“INCOMPLETE AND VERY DRAFT FINANCIAL STATEMENTS”

When Bleeding Heartland circled back with Hunt in mid-February, she said ISU’s “main financial reports were sent to the state” on February 15, but “the university is still working on some supplemental data” and would likely finish that work by February 26.

On March 5, Hunt said ISU staff were “still working on a couple of the supplemental documents.” In a March 30 email, she said the university was “Still working on a couple of pieces.” And on March 31, Hunt wrote, “It’s my understanding that this work is nearly finished. The main financial reports were sent to the state in February for audit/review.”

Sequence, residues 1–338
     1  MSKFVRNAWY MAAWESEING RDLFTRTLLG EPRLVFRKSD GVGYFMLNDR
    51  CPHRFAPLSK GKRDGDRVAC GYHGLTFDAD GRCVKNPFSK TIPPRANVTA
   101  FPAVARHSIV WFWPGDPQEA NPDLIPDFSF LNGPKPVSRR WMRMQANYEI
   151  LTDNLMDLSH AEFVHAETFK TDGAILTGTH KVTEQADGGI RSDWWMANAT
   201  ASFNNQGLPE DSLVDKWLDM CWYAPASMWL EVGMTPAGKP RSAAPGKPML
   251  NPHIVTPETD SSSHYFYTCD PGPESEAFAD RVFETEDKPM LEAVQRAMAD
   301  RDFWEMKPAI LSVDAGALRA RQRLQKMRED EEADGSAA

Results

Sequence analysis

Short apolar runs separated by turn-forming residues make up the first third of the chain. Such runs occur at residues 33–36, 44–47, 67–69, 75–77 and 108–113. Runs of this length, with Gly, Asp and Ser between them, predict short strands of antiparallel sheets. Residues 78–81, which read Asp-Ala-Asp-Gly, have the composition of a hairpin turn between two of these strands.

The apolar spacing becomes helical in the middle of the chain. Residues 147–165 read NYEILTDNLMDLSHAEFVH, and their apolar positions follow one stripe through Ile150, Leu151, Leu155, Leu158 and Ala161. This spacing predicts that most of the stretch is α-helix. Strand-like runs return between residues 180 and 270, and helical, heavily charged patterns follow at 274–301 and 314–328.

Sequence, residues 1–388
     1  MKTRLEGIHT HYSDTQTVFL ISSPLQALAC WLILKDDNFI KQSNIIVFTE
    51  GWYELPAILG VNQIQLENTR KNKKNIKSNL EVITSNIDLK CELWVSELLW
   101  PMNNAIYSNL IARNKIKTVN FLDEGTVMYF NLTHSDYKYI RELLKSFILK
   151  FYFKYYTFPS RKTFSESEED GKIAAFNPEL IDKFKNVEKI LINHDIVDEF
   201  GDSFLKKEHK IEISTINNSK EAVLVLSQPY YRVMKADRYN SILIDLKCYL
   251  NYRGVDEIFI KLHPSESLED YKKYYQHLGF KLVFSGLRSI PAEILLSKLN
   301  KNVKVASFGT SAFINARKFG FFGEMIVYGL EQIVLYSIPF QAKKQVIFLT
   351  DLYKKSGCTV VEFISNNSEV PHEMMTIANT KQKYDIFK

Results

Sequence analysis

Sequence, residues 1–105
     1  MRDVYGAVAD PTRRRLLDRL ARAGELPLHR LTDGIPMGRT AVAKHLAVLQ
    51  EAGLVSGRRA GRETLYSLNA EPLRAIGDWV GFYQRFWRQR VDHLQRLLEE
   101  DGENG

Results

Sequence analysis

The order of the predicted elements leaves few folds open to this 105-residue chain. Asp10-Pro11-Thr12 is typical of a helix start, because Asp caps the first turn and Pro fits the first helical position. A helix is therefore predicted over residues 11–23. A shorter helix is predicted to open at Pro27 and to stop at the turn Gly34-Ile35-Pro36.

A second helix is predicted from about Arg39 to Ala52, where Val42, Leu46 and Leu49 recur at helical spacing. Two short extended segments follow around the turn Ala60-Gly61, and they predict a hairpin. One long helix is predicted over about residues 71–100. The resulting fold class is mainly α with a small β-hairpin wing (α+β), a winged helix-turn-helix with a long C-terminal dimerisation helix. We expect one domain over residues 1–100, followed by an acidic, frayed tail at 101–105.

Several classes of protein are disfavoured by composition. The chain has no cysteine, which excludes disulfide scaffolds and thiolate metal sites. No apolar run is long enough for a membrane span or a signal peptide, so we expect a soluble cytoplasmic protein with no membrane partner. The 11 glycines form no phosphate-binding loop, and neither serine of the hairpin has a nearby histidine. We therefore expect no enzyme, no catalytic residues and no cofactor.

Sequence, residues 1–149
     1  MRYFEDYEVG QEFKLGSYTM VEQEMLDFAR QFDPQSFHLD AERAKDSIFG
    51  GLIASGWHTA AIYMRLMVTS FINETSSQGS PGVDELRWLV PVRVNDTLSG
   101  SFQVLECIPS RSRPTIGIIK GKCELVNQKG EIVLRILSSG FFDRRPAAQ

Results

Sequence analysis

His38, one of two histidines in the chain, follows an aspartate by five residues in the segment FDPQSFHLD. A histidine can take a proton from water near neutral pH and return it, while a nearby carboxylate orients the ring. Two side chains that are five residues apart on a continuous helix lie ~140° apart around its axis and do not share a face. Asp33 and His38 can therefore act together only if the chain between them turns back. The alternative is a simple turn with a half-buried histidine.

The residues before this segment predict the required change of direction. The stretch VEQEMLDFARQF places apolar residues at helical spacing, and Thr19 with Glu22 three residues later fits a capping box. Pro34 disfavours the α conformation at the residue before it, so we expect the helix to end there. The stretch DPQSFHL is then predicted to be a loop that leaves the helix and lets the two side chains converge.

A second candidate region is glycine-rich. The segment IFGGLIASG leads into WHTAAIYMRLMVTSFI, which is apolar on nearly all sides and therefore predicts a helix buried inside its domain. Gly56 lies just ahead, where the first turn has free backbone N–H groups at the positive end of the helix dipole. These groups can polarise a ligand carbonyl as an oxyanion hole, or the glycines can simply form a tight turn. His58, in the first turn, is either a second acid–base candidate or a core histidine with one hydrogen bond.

Sonya Heitshusen, communications director for the State Auditor’s office, told Bleeding Heartland on March 31,

ISU has not provided the State of Iowa a complete set of financial statements and footnote information in order for the State of Iowa to incorporate ISU into the State’s CAFR. 

As for the audit, our office received incomplete and very draft financial statements in February which did not include the fiduciary statements or any footnotes or other information needed to meet financial reporting requirements. 

As of today we have received a large percentage of what we have requested. However, many of those “supplemental” pieces we have not yet received are significant and are needed for us to be able to complete our work and give an opinion on the State’s CAFR.

I have been unable to determine whether ISU has had to redo some of the information it sent to the Department of Administrative Services in February.